Here’s some training material I use to help my youth leaders and others prepare a Bible talk. It can be adapted for any occasion and maybe it’ll help you train your leaders as well.
The same basic principles apply for writing a Bible study, so I’ll add another post, in due course, with similar content but a written Bible study application.
Special note: There’s some wisdom in here generously borrowed from Rory Shiner
OK, given that this website is all about resourcing a “Bible Focus” type of youth ministry (from these 3 choices), we’re going to follow the process for starting up a model for this type of youth ministry from scratch. (Haven’t yet thought about what type of youth ministry you want to start? click here)
The aims of a “Bible Focus” type of youth ministry are:
- To teach & study the Bible
- Be a Christian community
- Live out the values of Jesus
- Engage real life with real Jesus
- Be a counter cultural experience (a glimpse of heaven even!)
You do this type of youth ministry because you want kids to know and trust Jesus & adopt his values; you believe this can only happen by God’s Word; because you want kids to “do life” with Jesus.
Your first step then is to recruit some leaders who can commit to sharing the Bible with passion and creativity and who are not skeptical that the word of God is powerful to change lives. You really need to start with a good group of commited leaders – this is crucial! When choosing leaders remember that “Youth leader” does NOT mean “Young Leader”. In fact, the Christian people in your church who are post-kids (probably in their 40’s + ) are possibly your best leaders. They don’t need to be “young and hip” (their out-of-touch character probably makes them cooler). Your older leaders will provide stability, experience, Christian maturity and a wealth of perspective on young people – especially if they’ve already raised their own!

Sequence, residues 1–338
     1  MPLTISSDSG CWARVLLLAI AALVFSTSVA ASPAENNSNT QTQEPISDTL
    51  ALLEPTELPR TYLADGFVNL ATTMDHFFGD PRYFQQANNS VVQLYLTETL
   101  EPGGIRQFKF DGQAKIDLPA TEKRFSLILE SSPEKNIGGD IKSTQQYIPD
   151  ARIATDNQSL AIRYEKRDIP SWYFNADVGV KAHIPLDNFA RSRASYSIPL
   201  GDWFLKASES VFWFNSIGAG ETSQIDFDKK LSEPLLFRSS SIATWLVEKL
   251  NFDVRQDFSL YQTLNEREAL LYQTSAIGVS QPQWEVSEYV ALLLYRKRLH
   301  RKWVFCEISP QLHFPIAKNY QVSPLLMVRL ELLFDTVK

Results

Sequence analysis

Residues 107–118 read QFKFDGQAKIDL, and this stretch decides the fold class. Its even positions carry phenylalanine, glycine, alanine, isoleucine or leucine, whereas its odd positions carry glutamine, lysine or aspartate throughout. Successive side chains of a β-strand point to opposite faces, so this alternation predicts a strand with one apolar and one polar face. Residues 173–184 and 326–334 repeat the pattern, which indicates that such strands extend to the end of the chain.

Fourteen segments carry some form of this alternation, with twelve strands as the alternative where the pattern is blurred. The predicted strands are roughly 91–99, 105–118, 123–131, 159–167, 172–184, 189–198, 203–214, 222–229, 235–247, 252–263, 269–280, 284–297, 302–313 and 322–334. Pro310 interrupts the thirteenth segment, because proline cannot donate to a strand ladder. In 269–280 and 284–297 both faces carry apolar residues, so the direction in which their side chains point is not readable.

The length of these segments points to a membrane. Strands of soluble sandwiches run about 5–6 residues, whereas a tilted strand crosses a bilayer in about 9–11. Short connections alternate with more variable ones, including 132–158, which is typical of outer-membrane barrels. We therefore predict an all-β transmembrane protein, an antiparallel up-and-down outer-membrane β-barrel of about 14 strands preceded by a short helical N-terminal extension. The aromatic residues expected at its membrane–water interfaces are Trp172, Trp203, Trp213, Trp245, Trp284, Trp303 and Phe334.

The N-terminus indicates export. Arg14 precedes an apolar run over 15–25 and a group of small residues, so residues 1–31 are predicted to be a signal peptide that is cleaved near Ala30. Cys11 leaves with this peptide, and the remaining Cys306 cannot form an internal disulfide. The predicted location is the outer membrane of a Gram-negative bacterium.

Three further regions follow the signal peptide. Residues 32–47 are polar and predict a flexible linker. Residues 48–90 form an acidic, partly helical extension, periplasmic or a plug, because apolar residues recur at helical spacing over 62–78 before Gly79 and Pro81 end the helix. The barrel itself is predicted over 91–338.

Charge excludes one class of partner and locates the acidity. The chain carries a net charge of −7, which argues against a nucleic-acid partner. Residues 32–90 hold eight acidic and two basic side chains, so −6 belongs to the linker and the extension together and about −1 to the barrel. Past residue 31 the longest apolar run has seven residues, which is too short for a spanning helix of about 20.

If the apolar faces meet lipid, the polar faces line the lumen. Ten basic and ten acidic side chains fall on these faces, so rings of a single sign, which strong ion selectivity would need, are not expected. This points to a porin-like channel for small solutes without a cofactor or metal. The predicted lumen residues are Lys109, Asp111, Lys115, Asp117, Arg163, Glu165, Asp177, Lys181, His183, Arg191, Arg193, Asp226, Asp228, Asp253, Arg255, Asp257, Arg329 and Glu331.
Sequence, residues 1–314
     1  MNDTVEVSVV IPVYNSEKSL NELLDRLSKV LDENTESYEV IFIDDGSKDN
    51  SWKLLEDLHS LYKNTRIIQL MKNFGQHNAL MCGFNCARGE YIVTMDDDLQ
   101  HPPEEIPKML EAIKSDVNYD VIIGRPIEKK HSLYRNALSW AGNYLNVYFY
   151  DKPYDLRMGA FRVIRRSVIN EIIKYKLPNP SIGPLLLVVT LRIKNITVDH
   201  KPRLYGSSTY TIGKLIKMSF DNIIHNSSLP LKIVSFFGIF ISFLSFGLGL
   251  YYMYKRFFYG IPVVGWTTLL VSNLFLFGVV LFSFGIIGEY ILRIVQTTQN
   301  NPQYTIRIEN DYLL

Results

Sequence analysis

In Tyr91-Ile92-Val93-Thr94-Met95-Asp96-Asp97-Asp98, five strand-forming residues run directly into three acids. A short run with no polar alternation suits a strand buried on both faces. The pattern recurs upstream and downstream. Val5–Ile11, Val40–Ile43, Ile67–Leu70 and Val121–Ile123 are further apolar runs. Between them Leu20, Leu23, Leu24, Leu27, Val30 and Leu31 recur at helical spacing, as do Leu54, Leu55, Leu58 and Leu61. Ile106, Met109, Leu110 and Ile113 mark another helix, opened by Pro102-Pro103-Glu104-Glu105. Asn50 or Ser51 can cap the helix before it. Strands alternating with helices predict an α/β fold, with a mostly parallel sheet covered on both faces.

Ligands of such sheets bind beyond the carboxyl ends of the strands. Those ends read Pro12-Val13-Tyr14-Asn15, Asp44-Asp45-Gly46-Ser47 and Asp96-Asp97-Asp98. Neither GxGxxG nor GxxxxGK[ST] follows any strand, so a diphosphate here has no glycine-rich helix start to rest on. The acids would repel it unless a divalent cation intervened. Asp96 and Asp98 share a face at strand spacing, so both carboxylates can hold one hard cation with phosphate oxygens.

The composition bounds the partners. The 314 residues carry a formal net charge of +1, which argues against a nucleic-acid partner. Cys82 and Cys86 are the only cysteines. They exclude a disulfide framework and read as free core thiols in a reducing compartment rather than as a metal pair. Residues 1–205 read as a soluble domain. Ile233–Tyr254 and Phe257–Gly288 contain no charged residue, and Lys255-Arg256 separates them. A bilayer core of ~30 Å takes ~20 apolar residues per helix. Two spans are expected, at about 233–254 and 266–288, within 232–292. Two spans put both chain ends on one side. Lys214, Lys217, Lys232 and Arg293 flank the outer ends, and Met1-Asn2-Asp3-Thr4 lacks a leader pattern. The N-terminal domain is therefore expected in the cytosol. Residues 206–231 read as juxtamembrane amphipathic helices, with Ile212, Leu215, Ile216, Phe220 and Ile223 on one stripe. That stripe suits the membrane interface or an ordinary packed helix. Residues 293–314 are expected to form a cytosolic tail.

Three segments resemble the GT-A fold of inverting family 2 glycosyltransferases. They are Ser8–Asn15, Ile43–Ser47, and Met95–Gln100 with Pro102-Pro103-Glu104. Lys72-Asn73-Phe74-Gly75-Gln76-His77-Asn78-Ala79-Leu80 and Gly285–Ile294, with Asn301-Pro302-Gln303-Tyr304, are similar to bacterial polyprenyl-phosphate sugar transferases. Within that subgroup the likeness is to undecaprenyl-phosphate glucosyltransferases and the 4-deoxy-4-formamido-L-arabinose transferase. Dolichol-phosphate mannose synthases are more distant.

Make sure you give your prospective leaders clear expectations of what being a youth leader involves. Here is an example.
Priority #1: Once you have recruited your leaders and got together a team, your first priority is to make sure you look after them.
Youth leaders are the engine room of any youth ministry large or small, be it of 6 young people or 600. The value of unity and sustainability in your youth leadership team cannot be underestimated. You want a team of leaders that works together, loves each other, is committed to each other, and can sustain an enjoyment of youth ministry that will last the next 20 years. The average turnover for a youth minister or leader is something like 2 years (someone have the exact stats?) and you wonder at the damage inconsistency like that causes… A lesson worth knowing is that even the most average youth minister/leader can do extraordinary things over enough time (or extraordinary damage with the wrong foundations!), so choose the right leaders and hang on to them for the long haul. A stint of 6 years, seeing a group of new high schoolers (year 7) through to the end (year 12), should be the bare minimum.
How do you look after your youth leaders?
- Design a “good enough” year program so your leaders know what’s happening and when. (Year program is not just about what’s on & when, but more about planning what you’ll be teaching throughout the year. Think strategically about your teaching series for the year. Here are some ones I’ve used.
- Keep their role clear (ie. keep to the “leaders expectations” document).
- Each term, give them a current term program that is more specific than the year program. Here are some examples. If you use the resources on this site, then putting together the term program doesn’t have to be a committee process (tedious!), because each week you do at least the same 5 things: (More on this in Part 4: Structuring the main Youth Group Gathering)
- Interactive Bible teaching
- Prayer time
- Sharing time
- An activity that helps them know God or their peers better (or both!)
- And Supper
You just do these same things in different ways each week. In that way the program has the safety of familiarity and the excitement of the unknown by being predictably unpredictable for your young people. So just do the term program yourself or nominate 1 person on your team to do the term program for everyone.
- Schedule leader’s meetings often enough that you are able to keep good communication, but not so often they become meaningless and burdensome.
- Plan the agenda of your meetings so they don’t go overtime and they stay on track.
- Train them and/or be trained together.
- As far as you are able, don’t schedule things in holidays. Give your leaders 2 weeks rest each term.
- Do some social things together. Have dinner, watch a movie, a live-in for a week (!), a retreat, whatever…
Next step: “How to start a youth ministry from scratch! (Part 3): looking after your families“